The merits of unconditional giving aside, if you build something and decide to give it away, decide to put it into the public domain, can you attach strings to the gift? Can you set rules that stick with your invention and continually govern how it will be used from owner to owner to owner? And if those rules aren’t’ followed is the violation copyright infringement? In a ruling deciding a case addressing the enforceability of open-source software licenses, Wednesday the US Court of Appeals for the Federal Circuit said yes. The decision reversed a San Francisco Federal Court ruling.
To many, the news may seem like an insignificant, or esoteric, legal discussion. The Open-Source community, which was rallying for the result, would argue otherwise. They’d claim the result is extremely important.
Lawrence Lessig, a noted copyright scholar, a Professor of Law at Stanford Law School and founder of the school’s Center for Internet and Society, wrote on his blog that “for non lawgeeks, [the decision] won’t seem important. But trust me, this is huge.”
In the original case, Robert Jacobsen filed a lawsuit against Matthew Katzer, owner of Kam Industries. Jacobsen claimed Katzer’s company was distributing commercial software for model railroads that inappropriately used and redistributed source code Jacobsen had created and made public under an open-source “Artistic License.” Jacobsen’s suit claimed Katzer’s disregard of the open source license terms (which require crediting the original author, among other elements) constituted copyright infringement. Under copyright law, he sought a preliminary injunction blocking Katzer’s ability to continue to sell the software.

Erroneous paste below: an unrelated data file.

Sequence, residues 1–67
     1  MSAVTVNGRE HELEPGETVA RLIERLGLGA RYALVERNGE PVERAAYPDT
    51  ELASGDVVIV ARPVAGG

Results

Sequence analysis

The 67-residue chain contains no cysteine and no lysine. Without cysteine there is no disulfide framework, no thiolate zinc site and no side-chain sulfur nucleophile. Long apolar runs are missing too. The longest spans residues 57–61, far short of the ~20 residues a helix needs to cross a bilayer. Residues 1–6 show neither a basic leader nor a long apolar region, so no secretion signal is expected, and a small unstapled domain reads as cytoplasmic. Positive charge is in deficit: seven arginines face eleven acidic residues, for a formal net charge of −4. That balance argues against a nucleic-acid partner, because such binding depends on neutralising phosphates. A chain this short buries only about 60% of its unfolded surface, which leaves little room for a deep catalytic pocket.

In its finding, the lower court denied the request for a preliminary injunction. The court ruled the open-source Artistic License was “intentionally broad” and that violating its terms was merely a breach of contract, not copyright infringement. That distinction meant that instead of an injunction, Jacobsen’s most likely course of remedy would be to seek monetary damages. The trouble was, because the software was given away free, arguing for a monetary loss would have been difficult.
In deciding the copyright claim wasn’t fitting, the lower court effectively restricted the enforcement tools available to address violations of open source software licenses in the future.
The appellate court’s decision reversed the prior ruling. Lessig explained it as follows: “In non-technical terms, the Court has held that free licenses such as the CC licenses set conditions (rather than covenants) on the use of copyrighted work. When you violate the condition, the license disappears, meaning you’re simply a copyright infringer. This is the theory of the GPL and all CC licenses. Put precisely, whether or not they are also contracts, they are copyright licenses which expire if you fail to abide by the terms of the license.”
The appellate court’s decision will send the case back ot the San Francisco court but now, there will be more teeth to enforce the violations of the open source lciense.
That’s a sigh of relief for open source software developers from Wikipedia to the universities to the research labs.